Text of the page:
A student doesn’t lose the right to freedom of belief when he or she steps in school. Personal religious expression is protected from government interference through the Free Exercise Clause. Schools, as formative institutions, possess an affirmative obligation to not only adhere to these constitutional principles but also to cultivate respect for their practice.
However, when a Native American student in the Churchill County High School wore a medicine bag, on two separate occasions, a security guard and a teacher desecrated the medicine bag by searching and seizing it. The student is a member of the Fallon Paiute tribe, and as part of his spiritual practices and beliefs, wears a medicine bag around his neck. The medicine bag is considered a sacred offering to Mother Earth, and acts as a very personal object of spirituality.
The student and his mother reached out to the ACLU of Nevada for help, and we sent a letter to the school on behalf of the student to address the student’s constitutional rights. We explained there is no evidence that wearing a medicine bag has caused or is likely to cause any substantial disruption at school. Therefore, either prohibiting a student from wearing a medicine bag at school or searching its contents “violates his constitutional rights to freedom of belief, expression, and privacy protected under the Nevada State and U.S. Constitutions.”
We also asked Churchill County High School Principal Kevin Lords to ensure that staff respects the privacy of medicine bags, through appropriate trainings and individualized discussions.
Churchill County School District’s response demonstrated a commitment to improve school practices and respect students’ privacy and religious liberty. “Principal Lords was fully aware of the two incidents you described,” the School District stated in a letter, and “Mr. Lords or his designee spoke with the staff member involved individually about the requirements under law and policy for a search of student property to be conducted.” The Principal “trained the whole staff on the requirements for a search of student property” and the District’s Indian Education Liaison will also “instruct the staff at that upcoming staff meeting regarding the treatment and use of medicine bags.”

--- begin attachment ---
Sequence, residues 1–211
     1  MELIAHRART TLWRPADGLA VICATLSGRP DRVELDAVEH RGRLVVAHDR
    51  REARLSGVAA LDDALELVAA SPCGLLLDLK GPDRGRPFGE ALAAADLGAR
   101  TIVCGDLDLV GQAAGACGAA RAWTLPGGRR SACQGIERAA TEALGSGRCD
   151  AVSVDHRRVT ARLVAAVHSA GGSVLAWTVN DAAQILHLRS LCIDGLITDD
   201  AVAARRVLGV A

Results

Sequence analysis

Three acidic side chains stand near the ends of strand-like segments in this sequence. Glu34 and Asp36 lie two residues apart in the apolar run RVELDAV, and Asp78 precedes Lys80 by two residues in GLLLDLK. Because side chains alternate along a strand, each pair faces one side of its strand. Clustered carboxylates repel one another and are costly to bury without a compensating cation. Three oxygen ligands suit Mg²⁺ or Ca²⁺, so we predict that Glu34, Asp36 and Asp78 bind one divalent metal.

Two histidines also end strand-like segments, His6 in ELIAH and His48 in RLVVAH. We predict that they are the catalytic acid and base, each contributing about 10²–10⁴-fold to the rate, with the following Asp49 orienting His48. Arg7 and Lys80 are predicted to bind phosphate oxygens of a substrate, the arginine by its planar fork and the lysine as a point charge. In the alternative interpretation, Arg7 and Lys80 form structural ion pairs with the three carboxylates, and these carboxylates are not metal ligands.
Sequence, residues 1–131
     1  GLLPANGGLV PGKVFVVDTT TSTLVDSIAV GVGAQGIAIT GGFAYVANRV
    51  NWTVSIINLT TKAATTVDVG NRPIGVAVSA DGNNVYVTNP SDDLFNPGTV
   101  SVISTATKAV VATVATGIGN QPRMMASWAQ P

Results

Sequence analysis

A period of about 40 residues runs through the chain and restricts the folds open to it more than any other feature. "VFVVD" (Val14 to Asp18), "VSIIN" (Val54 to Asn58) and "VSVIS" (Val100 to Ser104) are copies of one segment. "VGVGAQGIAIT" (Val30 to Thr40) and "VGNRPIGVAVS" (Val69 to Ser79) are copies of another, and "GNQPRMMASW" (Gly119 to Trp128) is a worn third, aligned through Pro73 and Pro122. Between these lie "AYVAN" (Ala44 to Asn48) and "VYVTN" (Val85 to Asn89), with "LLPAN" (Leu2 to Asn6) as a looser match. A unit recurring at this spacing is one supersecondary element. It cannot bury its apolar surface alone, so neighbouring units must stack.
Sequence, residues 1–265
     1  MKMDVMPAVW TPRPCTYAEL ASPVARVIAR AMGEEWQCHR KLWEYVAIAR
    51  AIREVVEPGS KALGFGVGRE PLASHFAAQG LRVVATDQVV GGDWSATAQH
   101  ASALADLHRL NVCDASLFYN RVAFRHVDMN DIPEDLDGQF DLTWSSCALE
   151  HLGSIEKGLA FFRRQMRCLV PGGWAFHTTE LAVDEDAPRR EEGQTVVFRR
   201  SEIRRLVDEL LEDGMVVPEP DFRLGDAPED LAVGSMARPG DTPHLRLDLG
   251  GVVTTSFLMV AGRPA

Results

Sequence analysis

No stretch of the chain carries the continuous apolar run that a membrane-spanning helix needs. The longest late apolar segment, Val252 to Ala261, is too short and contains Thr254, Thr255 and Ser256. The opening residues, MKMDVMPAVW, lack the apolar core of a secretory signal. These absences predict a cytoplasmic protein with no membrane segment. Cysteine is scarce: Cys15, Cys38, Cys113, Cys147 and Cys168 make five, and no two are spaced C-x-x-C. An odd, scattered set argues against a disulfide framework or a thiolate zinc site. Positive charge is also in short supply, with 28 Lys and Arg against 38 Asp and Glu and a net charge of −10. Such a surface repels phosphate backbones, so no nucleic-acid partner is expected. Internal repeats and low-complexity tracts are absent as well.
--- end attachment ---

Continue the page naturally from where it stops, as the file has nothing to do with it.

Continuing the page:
The ACLU welcomes Churchill County’s willingness to train its staff on the appropriate treatment of sacred spiritual items.
In expressing her thanks to the ACLU, the mother of the young man observed, “Many of the original occupants of this land still practice what our ancestors have given us. I am with sincere gratitude that you and your fellow legal team have heard what I am trying to say and get people to understand. Thank you for your interest & understanding. Change has to start somewhere.”
The ACLU of Nevada is glad that we were able to be a part of this important change.